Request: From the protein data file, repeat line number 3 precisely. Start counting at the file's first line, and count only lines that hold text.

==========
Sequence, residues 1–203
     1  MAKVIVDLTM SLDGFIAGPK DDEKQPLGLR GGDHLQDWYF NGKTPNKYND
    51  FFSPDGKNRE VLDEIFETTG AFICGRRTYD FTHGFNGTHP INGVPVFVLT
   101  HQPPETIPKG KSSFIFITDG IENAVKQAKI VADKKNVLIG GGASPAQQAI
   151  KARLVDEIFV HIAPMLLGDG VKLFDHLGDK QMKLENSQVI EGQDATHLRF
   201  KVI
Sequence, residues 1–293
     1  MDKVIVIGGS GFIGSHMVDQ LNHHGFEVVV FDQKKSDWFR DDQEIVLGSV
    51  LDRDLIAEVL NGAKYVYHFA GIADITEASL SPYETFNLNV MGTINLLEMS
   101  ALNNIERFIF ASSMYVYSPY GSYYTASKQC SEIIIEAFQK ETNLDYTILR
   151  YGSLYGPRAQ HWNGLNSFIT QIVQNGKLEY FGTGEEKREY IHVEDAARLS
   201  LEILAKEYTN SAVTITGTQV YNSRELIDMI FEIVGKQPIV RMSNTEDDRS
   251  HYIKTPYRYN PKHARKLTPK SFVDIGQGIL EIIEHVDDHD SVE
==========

    51  FFSPDGKNRE VLDEIFETTG AFICGRRTYD FTHGFNGTHP INGVPVFVLT